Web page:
I found our discussion of dehumanizing the oppressed to be quite thought provoking. The example of dehumanizing non-heterosexual couples through the legal system got me thinking about the other forms of legal dehumanization and oppression that occur. I was taken back to Michelle Alexander’s discussion of the “New Jim Crow,” and how black people and other people of color are treated as second hand citizens through the legal system. Alexander at one point breaks down the ways in which a felon is treated the same way that black people were treated during the Jim Crow era: they can’t vote, it’s hard to get jobs, they can’t serve on a jury (and by extension cannot be tried by a jury of their peers), and much more. These are all examples of ways that people of color are dehumanized and oppressed still. I’m sure there are innumerable other examples of this type of dehumanization that Freire discuses.

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4 responses »

  1. ariatung says:

    Not only are these people who were convicted as felons discriminated against legally, but also just purely socially. People generally have very negative opinions towards people who have been convicted of a crime, no matter what crime. The fact that they spent time in jail, give them a bad rep, which isn’t fair.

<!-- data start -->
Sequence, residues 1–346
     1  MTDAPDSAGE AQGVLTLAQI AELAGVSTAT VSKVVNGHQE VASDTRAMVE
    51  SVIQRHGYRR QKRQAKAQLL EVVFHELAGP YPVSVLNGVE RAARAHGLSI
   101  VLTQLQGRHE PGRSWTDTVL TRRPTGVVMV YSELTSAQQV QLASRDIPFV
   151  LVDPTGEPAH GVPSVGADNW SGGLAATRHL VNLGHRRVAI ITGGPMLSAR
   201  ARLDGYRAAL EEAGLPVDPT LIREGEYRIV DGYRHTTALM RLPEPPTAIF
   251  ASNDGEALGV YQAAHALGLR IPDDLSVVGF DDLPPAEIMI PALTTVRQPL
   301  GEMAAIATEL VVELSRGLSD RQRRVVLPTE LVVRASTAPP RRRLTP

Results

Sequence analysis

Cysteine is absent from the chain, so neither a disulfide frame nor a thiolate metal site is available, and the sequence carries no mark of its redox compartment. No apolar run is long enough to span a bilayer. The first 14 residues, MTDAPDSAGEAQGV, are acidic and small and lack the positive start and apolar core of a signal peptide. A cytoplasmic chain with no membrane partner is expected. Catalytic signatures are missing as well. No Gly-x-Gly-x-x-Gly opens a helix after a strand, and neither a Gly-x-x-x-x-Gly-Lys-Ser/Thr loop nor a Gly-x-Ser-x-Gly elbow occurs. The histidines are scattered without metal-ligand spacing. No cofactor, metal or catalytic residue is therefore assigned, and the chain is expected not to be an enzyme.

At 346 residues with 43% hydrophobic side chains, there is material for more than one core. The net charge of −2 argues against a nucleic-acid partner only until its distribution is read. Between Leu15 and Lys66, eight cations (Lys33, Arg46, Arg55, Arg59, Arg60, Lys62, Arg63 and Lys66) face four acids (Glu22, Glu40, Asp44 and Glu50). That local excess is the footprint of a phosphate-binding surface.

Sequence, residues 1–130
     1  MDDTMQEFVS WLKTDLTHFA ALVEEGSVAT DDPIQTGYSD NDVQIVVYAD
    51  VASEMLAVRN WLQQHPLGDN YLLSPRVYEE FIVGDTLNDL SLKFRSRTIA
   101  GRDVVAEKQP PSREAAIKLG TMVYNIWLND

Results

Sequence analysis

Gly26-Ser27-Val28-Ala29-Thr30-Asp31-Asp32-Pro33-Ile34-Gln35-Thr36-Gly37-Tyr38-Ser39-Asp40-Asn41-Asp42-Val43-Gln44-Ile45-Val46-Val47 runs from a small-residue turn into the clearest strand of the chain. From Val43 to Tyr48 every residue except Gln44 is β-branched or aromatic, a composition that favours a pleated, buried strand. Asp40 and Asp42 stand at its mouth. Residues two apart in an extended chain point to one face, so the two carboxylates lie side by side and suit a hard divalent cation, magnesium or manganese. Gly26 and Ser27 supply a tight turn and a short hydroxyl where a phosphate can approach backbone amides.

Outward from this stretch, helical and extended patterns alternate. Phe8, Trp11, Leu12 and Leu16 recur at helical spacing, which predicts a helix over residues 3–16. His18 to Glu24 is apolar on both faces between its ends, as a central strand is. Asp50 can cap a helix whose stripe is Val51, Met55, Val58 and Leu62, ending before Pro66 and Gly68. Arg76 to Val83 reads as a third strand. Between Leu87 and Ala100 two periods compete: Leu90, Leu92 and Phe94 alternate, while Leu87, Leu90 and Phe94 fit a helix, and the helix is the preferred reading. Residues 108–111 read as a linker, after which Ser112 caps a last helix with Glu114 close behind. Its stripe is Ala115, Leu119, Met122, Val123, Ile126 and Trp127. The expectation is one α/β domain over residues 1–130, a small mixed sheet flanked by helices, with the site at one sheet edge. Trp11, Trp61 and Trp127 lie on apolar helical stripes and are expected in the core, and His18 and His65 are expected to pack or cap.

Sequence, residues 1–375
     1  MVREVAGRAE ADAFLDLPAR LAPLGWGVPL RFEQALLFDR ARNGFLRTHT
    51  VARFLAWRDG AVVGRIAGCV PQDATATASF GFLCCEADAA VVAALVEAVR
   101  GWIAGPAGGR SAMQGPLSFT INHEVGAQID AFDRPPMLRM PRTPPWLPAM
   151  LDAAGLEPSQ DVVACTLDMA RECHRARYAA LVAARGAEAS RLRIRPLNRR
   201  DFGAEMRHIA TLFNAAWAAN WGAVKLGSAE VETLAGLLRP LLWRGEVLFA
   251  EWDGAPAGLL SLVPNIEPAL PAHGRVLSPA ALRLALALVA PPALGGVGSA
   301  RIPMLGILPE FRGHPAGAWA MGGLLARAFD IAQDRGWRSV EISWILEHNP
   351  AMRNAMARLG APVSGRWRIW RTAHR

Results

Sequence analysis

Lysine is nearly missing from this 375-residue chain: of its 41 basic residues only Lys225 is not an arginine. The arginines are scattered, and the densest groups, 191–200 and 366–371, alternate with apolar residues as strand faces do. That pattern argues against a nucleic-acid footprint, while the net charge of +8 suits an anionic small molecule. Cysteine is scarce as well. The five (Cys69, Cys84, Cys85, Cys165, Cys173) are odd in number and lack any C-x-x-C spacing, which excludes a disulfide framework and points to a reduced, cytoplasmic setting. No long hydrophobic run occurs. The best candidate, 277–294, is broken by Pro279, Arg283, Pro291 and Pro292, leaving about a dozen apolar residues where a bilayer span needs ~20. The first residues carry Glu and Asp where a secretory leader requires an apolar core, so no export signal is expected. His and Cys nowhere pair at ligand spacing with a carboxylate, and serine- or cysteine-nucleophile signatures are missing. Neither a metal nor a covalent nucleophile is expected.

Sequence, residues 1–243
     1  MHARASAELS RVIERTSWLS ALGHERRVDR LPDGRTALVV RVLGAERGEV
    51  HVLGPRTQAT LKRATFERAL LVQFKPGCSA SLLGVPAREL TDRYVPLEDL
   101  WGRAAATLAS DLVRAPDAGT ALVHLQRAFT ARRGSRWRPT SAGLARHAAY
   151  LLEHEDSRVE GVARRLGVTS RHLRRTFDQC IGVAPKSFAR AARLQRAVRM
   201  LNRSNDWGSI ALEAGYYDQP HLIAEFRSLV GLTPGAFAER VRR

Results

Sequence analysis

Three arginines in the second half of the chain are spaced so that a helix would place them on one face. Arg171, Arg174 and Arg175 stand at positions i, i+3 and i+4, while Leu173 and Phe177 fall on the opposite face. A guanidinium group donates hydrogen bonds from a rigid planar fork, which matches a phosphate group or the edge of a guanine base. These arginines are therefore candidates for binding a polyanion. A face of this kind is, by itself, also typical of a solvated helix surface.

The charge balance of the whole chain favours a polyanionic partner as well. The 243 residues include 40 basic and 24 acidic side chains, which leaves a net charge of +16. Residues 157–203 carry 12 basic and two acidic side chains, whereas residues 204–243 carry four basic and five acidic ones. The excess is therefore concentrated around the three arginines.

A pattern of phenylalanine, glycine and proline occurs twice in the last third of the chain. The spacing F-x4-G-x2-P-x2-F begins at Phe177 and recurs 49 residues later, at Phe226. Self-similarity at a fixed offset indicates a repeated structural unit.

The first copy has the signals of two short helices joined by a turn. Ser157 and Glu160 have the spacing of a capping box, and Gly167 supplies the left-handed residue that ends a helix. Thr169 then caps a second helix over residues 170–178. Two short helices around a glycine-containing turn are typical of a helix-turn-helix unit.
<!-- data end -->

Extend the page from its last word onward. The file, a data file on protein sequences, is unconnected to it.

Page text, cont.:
2. krystalyiranli says:

    Definitely agree with you. The dehumanization towards to the oppressed occurs in this society in different groups and this is absolutely unfair. Neither of the felon nor race group like the black should be treated in this way. They deserve equal rights rather than this ‘dehumanization’ from the dominant society and mainstream. The elimination of the stereotypical negative opinions towards these people is definitely very crucial of this process. People should stop enforcing their negative opinions on these groups of people.

  3. ddmaoz says:

    I agree, I believe that at the root of every oppression is this dehumanization. As long as mainstream media and institutions create an image of the oppressed as un-human, stigmatizing some as felons, or criminals, or people who have come to steal jobs, it will be a lot harder for people to see the living conditions of so many people in the US as inhumane. This dehumanization is a barrier to asking ourselves “what if it were me?” It pushes us to criticize the reaction of the oppressed to their oppression, rather than oppose the conditions of their oppression. Every system of oppression has dehumanization mechanisms that enable oppression to keep operating. If we grew up without perceiving the stigma that’s attached to the oppressed, we would not be ok with their treatment.

  4. palomapineda19 says:

    I also think dehumanization is extremely pertinent in politics today and how we exercise our right to vote. Issues today are simplified down to pro or con ex: pro life or pro choice and in many instances we fail to recognize the implications of adhering to a highly polarizing political atmosphere. Like you brought up it’s important to recognize the oppressed and put a name, and a face to these mechanisms that further oppression. It’s extremely important to keep up this mindset when we approach voting in this upcoming election and the ways in which we need to put agency back into the oppressed.

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